Atrial fibrillation presents itself in many different ways. The most common symptoms are palpitations, which are often rapid and irregular. Patients may also feel tired, dizzy, short of breath or experience chest pains. In some patients, there are no symptoms and the discovery of AF is an incidental finding. Atrial fibrillation can lead to symptoms and can alter prognosis and therefore needs treatment to control and to reduce the risk of a stroke.
If atrial fibrillation is suspected, your cardiologist will need to confirm the diagnosis and this can be done with a simple electrocardiogram (ECG) if the rhythm is persistent. In many cases, atrial fibrillation comes and goes (paroxysmal) and in order to make the diagnosis, longer periods of ECG monitoring are needed with Ambulatory ECG Monitoring (a heart monitor which is worn for 1 or more days). An echocardiogram, referred to as an 'echo', is also undertaken to look at the structure and function of the heart in some detail. In many patients, additional tests will also be required to identify the underlying cause. One of the most important aspects of your assessment will be to assess your individual risk for a stroke to determine whether you will benefit from blood thinning medication (anticoagulants). Your cardiologist will be able to discuss this in some detail with you.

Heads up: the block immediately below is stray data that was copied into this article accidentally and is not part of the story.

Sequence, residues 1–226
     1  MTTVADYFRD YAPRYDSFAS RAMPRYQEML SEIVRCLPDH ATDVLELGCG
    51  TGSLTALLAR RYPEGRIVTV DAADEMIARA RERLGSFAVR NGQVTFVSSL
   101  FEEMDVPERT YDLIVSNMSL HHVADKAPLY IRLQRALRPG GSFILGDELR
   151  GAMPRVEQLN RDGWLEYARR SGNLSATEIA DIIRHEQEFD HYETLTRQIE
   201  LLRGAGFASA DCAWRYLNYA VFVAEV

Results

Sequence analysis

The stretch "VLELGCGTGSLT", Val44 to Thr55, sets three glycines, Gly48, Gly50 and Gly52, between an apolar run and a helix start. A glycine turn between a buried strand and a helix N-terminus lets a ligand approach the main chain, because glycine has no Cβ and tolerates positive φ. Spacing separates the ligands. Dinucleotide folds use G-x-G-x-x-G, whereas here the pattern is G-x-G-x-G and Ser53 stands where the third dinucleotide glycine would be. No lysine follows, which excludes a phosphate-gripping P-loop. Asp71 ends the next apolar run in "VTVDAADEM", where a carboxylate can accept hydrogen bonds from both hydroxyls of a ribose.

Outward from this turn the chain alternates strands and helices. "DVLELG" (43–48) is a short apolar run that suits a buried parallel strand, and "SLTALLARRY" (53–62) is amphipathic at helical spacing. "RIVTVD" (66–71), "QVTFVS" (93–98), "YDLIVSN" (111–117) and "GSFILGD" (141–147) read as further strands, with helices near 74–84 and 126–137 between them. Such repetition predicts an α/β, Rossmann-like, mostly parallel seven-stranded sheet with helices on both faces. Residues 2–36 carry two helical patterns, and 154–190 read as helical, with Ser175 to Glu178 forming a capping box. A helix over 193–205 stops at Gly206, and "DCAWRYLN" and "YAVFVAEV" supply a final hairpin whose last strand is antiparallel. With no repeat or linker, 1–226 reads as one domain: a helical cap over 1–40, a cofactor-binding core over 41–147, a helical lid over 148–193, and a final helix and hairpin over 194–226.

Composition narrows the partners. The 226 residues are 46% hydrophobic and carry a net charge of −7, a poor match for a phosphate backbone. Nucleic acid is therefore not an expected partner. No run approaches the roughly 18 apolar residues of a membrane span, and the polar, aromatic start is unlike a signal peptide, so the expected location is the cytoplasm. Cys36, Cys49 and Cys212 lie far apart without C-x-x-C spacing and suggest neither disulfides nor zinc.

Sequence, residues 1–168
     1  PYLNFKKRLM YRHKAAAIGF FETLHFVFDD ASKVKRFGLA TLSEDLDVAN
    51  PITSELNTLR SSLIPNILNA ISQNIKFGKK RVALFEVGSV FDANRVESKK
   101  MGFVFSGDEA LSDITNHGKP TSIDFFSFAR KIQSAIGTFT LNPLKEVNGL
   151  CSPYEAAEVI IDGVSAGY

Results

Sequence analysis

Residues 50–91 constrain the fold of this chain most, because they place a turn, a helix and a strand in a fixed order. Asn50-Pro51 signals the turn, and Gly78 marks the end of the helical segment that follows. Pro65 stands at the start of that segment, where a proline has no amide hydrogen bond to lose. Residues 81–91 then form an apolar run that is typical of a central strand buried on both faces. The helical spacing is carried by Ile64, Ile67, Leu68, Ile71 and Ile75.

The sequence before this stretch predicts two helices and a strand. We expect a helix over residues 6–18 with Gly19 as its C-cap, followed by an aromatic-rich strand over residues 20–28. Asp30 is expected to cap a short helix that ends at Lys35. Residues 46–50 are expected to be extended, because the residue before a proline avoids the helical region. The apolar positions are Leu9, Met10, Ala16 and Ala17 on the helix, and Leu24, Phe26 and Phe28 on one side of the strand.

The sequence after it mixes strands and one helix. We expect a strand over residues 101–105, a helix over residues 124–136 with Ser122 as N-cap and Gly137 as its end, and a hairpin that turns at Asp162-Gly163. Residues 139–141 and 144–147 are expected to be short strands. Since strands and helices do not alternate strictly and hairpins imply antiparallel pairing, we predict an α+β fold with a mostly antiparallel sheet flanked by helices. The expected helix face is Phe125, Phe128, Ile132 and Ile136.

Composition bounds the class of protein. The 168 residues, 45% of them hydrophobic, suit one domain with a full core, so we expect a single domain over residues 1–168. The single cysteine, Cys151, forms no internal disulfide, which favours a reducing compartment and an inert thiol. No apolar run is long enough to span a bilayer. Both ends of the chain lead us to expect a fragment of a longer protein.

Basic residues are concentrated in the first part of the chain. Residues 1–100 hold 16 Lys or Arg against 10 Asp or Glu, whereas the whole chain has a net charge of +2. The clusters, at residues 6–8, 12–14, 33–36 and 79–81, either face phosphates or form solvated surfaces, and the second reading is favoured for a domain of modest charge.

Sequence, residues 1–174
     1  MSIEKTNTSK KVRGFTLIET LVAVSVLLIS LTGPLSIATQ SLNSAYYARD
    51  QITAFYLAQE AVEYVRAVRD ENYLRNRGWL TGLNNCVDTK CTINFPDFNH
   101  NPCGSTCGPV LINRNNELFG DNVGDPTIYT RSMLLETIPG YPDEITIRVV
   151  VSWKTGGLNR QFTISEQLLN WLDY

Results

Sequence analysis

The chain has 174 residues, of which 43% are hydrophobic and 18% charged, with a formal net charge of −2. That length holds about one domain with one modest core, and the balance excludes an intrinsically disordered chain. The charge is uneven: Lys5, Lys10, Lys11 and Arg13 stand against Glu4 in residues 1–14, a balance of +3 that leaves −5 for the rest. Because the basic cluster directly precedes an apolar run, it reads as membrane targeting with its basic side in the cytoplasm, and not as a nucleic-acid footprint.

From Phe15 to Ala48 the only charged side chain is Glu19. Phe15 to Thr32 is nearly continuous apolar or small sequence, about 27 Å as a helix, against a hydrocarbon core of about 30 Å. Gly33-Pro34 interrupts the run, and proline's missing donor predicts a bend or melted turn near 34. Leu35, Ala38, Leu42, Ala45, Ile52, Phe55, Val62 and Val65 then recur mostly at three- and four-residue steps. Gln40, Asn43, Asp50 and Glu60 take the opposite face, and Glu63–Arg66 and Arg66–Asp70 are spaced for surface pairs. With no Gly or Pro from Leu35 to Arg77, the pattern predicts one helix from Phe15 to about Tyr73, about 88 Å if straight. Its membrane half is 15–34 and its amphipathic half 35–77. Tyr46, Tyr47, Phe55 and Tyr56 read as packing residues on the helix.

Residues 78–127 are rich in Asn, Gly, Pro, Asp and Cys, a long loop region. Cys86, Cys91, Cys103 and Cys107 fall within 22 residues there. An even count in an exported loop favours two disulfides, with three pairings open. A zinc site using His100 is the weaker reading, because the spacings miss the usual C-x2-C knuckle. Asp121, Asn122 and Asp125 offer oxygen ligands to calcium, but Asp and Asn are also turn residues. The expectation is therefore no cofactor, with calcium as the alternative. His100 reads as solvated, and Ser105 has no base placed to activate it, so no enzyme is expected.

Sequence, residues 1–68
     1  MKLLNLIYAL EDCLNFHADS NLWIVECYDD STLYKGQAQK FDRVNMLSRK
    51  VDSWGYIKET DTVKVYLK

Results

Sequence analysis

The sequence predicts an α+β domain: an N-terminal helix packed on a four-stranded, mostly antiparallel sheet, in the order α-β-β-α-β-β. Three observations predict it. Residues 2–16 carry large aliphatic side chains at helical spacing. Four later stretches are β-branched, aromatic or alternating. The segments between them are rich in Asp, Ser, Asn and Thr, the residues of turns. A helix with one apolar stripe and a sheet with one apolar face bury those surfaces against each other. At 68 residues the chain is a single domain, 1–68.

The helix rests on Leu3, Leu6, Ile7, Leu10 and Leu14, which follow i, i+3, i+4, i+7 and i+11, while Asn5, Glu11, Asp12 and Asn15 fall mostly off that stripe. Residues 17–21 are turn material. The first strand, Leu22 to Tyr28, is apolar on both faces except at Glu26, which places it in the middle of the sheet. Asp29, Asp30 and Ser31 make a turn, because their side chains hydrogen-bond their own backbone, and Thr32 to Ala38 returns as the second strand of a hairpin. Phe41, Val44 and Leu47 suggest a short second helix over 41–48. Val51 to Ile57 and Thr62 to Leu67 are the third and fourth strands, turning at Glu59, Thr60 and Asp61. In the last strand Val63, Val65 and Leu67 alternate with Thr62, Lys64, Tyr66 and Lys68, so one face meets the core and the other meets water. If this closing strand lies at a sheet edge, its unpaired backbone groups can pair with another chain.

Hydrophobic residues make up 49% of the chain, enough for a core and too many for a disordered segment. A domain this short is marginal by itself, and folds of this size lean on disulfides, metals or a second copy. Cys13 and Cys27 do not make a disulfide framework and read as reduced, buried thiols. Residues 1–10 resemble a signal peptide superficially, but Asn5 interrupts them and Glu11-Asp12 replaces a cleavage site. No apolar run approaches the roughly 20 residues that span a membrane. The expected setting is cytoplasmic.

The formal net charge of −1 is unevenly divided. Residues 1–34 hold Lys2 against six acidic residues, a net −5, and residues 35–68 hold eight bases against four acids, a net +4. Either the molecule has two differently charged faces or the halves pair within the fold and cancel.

There are a number of different approaches to the treatment of atrial fibrillation that can be tailored to your individual circumstances. All patients need an assessment of their stroke risk and placed on appropriate treatment as needed. There are essentially three strategies to treat AF - Medication, Cardioversion or Atrial Fibrillation (AF) Catheter Ablation. Click on the links below to find out more.
Atrial Fibrillation (AF) Catheter Ablation is an invasive procedure that offers the prospect of an improved quality of life. It involves the insertion of catheters, or fine wires, into the heart through the veins at the top of the leg. [READ MORE]
This procedure blocks the electrical signals that cause a fluttering heartbeat and restores sinus rhythm. [READ MORE]
This procedure prevents faulty electrical impulses being sent within the heart. [READ MORE]
This test shows how the heart, lungs and muscles react when exercise is undertaken. [READ MORE]
This treatment aims to return an abnormal heart rhythm (arrhythmia) to a normal pattern. [READ MORE]
This scan is used to ascertain the risk of a heart attack or stroke within the next 5-10 years. [READ MORE]
An 'echo' is an ultrasound scan of the heart to assess structure and function. [READ MORE]
An ECG is a simple test that looks at the electrical activity of the heart. [READ MORE]
This monitoring measures the electrical activity of your heart over a longer period than an ECG. [READ MORE]
This study analyses the heart's electrical activity and is used to diagnose the cause of abnormal heartbeats. [READ MORE]
Monitors are used to provide a prolonged record of a heart’s operation and symptoms. [READ MORE]
This device records a heart’s rhythm continuously for up to two years. [READ MORE]
These scans enable cardiologists to view detailed images of the heart’s anatomy. [READ MORE]
This is an artificial device that is implanted in the chest to regulate an abnormal heartbeat. [READ MORE]
This procedure helps block the electrical signals that cause an abnormal rapid heartbeat. [READ MORE]